A fascinating article on NPR about why we (definitely I) love the gothic genre.
“Though their definition is fluid, Gothic novels (and movies) generally offer equal parts delighted horror and breathless sentiment. And regardless of plot twists or historical pastiches, they’re preoccupied with contemporary problems; the essential horror of the irreconcilable world. For early Gothics, this meant the Industrial Revolution, eulogizing the natural in the face of modernity (Anne Radcliffe’s 1794 The Mysteries of Udolpho equated love of nature with virtue until it was practically a superpower). Udolpho — and countless other crumbling castles — reflected both worry and rebellious glee about the fate of traditional social structures in the modern order; estates declined alongside their nefarious masters.”
- The Shadow of the Wind series by Carlos Ruiz Zafon. The second book in particular, Angel’s Game – is delightfully OTT.
- Penny Dreadful – Sky Atlantic’s original series is eminently watchable for the hypnotic Eva Green who really….commits to her part. But I also love how it references and remixes all the classic tales: Frankenstein, Dorian Gray.. all the characters are in there. It’s atmospheric and sometimes ridiculous, but then that’s part of the fun. Another of my favourite actresses, Helen McRory was wisely retained for the second series as the main villain after making a few great cameos in the first series.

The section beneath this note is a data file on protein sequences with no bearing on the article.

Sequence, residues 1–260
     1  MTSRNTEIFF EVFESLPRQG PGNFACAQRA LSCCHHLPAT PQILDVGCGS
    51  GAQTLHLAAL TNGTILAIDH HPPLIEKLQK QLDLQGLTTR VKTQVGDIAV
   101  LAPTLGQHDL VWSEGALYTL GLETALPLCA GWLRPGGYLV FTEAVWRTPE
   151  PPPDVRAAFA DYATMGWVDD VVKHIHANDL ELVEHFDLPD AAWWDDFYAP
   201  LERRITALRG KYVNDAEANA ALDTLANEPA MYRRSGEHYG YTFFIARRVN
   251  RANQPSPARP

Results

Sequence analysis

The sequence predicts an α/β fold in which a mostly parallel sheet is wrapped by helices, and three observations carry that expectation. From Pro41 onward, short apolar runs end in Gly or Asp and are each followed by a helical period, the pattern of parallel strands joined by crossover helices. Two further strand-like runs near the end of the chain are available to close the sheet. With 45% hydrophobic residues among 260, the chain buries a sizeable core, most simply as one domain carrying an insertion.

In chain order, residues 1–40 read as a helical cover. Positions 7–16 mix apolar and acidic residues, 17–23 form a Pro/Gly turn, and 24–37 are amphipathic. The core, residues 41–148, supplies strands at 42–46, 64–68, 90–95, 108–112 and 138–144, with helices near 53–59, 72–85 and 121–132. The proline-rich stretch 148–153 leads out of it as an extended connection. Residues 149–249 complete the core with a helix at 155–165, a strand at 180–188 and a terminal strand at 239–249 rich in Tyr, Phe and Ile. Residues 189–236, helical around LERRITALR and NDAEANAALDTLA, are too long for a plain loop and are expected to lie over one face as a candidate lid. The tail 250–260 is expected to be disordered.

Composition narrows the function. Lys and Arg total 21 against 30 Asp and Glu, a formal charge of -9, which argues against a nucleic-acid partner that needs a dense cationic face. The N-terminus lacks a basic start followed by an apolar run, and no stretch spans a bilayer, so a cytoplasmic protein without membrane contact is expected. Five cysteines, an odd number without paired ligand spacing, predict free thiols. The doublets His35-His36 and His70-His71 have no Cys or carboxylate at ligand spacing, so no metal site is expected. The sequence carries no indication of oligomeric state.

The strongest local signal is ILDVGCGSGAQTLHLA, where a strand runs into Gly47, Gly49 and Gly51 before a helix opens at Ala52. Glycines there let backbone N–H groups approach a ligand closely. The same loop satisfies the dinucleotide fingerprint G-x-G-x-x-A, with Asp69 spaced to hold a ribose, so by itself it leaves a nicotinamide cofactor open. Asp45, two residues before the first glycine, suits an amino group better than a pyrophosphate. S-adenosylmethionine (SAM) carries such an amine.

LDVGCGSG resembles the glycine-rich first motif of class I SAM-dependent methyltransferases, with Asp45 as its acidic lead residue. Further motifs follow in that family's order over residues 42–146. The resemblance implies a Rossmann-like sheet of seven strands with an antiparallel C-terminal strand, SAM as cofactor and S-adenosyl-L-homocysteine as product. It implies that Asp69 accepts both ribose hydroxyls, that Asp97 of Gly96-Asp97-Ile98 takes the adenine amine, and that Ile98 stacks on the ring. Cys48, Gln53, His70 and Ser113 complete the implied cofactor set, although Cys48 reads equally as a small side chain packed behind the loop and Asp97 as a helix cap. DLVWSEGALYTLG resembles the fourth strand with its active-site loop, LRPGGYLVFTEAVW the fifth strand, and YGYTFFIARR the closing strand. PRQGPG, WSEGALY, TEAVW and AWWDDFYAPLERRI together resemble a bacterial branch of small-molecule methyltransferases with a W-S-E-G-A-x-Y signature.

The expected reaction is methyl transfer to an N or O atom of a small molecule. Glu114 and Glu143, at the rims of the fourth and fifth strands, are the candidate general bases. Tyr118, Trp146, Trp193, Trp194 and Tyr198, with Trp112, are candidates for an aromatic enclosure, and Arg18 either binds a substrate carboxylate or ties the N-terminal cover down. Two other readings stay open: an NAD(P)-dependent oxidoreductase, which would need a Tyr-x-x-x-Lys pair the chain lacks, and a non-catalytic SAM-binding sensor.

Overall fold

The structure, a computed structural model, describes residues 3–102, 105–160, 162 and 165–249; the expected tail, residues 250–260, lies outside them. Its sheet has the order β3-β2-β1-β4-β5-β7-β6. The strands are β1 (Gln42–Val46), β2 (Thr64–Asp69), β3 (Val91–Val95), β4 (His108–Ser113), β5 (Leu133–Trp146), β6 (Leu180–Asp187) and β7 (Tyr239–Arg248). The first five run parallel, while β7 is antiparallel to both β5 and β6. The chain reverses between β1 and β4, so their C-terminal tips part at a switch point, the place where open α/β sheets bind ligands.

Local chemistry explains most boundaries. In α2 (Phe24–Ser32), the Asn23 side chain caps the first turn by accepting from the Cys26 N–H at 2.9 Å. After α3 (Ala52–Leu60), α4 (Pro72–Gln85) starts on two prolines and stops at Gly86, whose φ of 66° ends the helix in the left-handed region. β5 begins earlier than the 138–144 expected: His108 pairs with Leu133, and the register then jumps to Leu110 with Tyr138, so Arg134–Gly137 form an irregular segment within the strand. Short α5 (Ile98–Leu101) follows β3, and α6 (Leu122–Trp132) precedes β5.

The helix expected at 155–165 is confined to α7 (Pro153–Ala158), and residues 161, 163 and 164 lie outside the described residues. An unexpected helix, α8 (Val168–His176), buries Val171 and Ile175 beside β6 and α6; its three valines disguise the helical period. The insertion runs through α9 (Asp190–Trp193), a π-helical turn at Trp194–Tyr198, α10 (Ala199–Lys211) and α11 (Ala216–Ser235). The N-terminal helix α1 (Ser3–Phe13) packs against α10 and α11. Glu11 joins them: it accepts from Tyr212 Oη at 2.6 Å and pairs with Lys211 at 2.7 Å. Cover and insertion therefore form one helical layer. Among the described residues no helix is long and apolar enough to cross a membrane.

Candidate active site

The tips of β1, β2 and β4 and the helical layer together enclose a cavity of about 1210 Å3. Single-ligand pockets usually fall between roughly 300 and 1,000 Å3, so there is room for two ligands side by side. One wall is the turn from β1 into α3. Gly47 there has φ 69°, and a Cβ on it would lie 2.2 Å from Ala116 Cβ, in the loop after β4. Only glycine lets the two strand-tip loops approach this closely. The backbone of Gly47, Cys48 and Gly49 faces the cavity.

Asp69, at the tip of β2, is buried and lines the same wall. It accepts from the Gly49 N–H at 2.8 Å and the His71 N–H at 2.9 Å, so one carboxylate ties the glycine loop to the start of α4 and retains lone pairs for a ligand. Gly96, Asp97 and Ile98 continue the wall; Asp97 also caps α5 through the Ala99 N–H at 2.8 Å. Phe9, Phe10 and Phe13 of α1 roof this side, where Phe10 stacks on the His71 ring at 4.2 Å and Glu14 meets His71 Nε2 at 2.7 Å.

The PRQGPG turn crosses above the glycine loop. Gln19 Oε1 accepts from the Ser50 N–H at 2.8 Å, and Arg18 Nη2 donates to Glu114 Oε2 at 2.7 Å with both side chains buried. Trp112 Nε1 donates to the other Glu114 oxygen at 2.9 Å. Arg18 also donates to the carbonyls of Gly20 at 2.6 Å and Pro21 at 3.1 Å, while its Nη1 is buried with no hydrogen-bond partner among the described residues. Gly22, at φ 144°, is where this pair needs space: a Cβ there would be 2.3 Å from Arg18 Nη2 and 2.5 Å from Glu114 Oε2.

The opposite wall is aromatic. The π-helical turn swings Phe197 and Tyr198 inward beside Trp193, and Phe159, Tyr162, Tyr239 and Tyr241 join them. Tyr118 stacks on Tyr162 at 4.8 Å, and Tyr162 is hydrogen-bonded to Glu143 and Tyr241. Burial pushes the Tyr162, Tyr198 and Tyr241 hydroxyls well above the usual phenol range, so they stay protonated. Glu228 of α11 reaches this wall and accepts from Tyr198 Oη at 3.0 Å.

- I want to add Sherlock Holmes – the new books by Anthony Horowitz – or Ripper Street, the excellent TV series that went from BBC to Amazon and is now back on BBC2 again. They’re not quite full-on gothic, though. But maybe half and half makes a whole? Highly recommend Ripper Street at any rate, especially the first series.
- Not sure if I’m creating a new genre here but The House that Will Not Stand, by Marcus Gardley at the Tricycle Theatre, was a thrilling play set in the American South, during slavery, focusing on a family of Creole women who are reeling from the death of their (illegitimate) white patriarch, and a diverse community coming to terms with laws on slavery and freedom. It was haunting and lyrical, rhythmic and a little creepy. I am going to file that under gothic too.